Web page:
>>While it would be nice to have a stable, solid release availible for
>>many non-programmer types, I believe lots of us demented sickos 
>>actually *enjoy* making kernel patches, adding new features, and 
>>trying not to break things in the process. The engineer in me says..
>>"if it ain't broke, fix it anyway, or at least improve it!" I hope 
>>Linus shares this view, rather than looking towards potential market
>>value (at least for now: you *are* staying for PhD, right Linus?!)
>
>I see only one problem there; if all the hackish kind of programmers
>that actually port the largest and most difficult programs use
>new "hackers'" kernels, won't the ports easily become incompatible 
>with the old kernels and everyone has to update his/her kernel anyway?

Probably not.  Most well behaved programs (This does not include 
windowing systems, that need some hackish way of accessing the hardware
directly) use a standard interface to the syscalls.  While the 
underlying code for the sys calls may change in newer kernels, 
the interface remains the same and user level software will be portable
across the different systems.

Of course, there are exceptions to this, such as the MGR and X11 ports 
which needed the IO permissions bitmap, mmap(), and unix domain sockets, 
and the new mount(2) call that works with different types of file
systems.


From: kennu@mits.mdata.fi (Kenneth Falck)
Subject: Re: Linux vs. the world
Date: Sat, 8 Aug 1992 18:34:37 GMT

In article <1992Aug8.035226.29102@colorado.edu> 
drew@hamlet.cs.colorado.edu (Drew Eckhardt) writes:
>>I see only one problem there; if all the hackish kind of programmers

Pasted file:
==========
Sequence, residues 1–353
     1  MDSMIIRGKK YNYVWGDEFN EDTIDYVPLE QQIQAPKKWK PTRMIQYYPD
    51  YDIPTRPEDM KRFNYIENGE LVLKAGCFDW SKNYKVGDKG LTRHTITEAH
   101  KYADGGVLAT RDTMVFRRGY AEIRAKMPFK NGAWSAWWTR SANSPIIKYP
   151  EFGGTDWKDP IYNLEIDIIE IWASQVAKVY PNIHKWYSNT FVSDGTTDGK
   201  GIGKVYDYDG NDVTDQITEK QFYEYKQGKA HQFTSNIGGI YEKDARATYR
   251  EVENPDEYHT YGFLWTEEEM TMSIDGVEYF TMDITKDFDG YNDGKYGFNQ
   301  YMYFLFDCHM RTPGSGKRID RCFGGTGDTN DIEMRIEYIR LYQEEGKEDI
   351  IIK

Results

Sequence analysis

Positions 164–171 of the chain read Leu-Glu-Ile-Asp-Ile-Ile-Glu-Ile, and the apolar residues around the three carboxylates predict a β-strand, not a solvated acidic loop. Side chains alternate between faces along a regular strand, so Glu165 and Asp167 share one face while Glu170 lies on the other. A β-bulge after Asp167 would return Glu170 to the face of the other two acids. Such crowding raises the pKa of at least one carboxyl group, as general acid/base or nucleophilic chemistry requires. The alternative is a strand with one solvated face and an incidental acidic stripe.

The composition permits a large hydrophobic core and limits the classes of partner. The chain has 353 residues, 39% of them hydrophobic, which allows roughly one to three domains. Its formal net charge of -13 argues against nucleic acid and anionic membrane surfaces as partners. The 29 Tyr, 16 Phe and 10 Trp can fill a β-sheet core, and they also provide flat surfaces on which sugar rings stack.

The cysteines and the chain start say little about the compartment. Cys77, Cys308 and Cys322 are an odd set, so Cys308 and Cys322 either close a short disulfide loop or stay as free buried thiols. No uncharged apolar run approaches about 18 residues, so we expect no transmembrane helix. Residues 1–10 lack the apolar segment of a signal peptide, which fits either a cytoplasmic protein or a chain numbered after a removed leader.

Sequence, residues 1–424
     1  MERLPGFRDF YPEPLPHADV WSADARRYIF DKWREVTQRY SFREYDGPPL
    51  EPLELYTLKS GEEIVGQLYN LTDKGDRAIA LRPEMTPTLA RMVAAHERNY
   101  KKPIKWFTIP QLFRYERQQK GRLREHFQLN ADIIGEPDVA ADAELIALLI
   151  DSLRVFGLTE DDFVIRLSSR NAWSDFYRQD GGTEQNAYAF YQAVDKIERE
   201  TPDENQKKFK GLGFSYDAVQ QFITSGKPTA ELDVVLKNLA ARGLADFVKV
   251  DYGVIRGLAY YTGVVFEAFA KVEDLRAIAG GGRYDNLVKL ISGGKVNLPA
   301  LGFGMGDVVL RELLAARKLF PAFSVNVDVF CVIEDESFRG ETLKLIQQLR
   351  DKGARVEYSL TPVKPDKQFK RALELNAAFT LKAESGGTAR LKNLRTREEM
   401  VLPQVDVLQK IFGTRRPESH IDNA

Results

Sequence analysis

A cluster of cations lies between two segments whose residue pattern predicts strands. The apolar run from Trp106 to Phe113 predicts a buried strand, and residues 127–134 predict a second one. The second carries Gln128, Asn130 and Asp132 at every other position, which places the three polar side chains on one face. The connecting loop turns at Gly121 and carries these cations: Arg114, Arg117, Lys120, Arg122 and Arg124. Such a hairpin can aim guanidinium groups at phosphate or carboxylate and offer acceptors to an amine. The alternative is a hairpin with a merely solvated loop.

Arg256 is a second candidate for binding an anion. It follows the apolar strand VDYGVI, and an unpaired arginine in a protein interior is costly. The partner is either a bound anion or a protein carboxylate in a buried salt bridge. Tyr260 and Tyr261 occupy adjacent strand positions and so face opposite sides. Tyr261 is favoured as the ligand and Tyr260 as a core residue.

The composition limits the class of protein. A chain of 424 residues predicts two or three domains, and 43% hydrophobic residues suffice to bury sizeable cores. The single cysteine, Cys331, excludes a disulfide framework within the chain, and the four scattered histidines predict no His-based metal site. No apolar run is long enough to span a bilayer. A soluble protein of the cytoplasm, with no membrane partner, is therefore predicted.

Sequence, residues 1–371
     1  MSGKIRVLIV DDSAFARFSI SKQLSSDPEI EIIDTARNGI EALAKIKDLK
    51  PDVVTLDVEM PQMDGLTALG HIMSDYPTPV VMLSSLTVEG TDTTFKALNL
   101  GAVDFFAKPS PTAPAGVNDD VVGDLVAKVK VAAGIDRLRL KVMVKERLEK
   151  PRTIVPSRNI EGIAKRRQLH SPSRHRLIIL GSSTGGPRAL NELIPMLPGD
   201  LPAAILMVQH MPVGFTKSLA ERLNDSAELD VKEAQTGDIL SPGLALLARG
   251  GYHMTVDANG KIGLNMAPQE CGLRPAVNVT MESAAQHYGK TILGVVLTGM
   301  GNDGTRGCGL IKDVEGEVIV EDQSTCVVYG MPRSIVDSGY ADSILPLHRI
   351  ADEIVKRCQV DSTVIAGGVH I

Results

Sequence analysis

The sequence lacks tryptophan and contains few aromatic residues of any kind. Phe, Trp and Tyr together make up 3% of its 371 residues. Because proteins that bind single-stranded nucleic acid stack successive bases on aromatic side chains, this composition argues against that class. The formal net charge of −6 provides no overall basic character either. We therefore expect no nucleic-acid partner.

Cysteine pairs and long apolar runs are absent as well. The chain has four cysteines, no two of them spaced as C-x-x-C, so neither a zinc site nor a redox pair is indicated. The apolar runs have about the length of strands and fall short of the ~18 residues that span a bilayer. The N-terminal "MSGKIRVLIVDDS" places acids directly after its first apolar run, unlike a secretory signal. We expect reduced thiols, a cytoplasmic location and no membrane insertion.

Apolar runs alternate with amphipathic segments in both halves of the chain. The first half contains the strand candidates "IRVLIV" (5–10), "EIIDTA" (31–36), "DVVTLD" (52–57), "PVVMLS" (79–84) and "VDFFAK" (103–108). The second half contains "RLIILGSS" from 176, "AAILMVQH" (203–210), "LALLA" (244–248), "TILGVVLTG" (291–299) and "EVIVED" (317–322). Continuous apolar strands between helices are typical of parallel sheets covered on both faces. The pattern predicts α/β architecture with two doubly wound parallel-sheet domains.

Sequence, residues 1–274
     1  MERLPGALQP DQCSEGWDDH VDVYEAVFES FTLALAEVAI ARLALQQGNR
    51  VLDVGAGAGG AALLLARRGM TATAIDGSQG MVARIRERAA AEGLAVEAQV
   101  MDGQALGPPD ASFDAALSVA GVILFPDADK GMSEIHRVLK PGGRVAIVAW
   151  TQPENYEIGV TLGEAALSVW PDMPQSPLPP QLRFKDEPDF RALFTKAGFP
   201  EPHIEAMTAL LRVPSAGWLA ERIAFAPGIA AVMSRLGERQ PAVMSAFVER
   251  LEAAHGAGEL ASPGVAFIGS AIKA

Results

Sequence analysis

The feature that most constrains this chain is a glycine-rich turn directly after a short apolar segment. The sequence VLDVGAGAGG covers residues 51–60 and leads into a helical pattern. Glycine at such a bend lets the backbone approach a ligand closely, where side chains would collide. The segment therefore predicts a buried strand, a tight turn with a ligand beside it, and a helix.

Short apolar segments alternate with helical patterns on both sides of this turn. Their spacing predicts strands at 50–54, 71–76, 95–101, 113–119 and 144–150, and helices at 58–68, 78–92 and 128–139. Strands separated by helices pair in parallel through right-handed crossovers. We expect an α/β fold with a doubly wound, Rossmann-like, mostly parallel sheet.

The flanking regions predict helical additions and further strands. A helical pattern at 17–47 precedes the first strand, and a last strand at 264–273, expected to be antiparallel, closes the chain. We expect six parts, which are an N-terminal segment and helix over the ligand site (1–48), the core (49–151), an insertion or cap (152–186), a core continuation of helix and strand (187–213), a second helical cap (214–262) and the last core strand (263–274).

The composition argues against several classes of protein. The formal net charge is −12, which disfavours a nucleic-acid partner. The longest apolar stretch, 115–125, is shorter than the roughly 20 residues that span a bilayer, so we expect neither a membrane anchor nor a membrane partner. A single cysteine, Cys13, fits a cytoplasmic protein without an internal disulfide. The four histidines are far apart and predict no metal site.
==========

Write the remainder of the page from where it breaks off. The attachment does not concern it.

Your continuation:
>>that actually port the largest and most difficult programs use
>>new "hackers'" kernels, won't the ports easily become incompatible 
>>with the old kernels and everyone has to update his/her kernel anyway?
>
>Probably not.  Most well behaved programs (This does not include 
>windowing systems, that need some hackish way of accessing the hardware
>directly) use a standard interface to the syscalls.  While the 
>underlying code for the sys calls may change in newer kernels, 
>the interface remains the same and user level software will be portable
>across the different systems.
>
>Of course, there are exceptions to this, such as the MGR and X11 ports 
>which needed the IO permissions bitmap, mmap(), and unix domain sockets, 
>and the new mount(2) call that works with different types of file
>systems.

Hmm.. I wonder if releases of this "really big" software like
X-windows (and maybe also MGR) could be synchronized with the 
major Linux releases; so that for some time we would have
"Linux 1.0", "X for Linux 1.0", "MGR for Linux 1.0", "GCC for 
Linux 1.0", and then after some time "Linux 1.1", "X for Linux 
1.1", etc... 

Of course, nothing would prevent releasing something like
"GCC 1.1 for Linux 1.0", but it'd be cool if you could always
always tell just what version of Linux the software is meant
to be run on just by checking the program's version.

As far as I can tell, this far you've usually had to check 
comp.os.linux all the time or try by yourself to see whether
some big piece of software works with some kernel. (Of course,
usually everything works with the latest kernel...)

I don't know then, would this work nicely if everyone recompiles
his/her kernels and makes big changes to them. I hope the kernel
becomes more externally configurable in the future, though I 
suppose most of the changes people make themselves are just
little bug patches or keyboard configuration.

I wonder if there should be (or is there?) some "Linux committee"
that would coordinate everything, as I'm sure Linus can't do 
everything by himself. (I don't think this newsgroup acts as 
any kind of authority, but I haven't introduced myself to the 
mailing lists yet though.)

-- 
kennu@mits.mdata.fi
<here's where the dumb quote is supposed to be>

-- 
kennu@mits.mdata.fi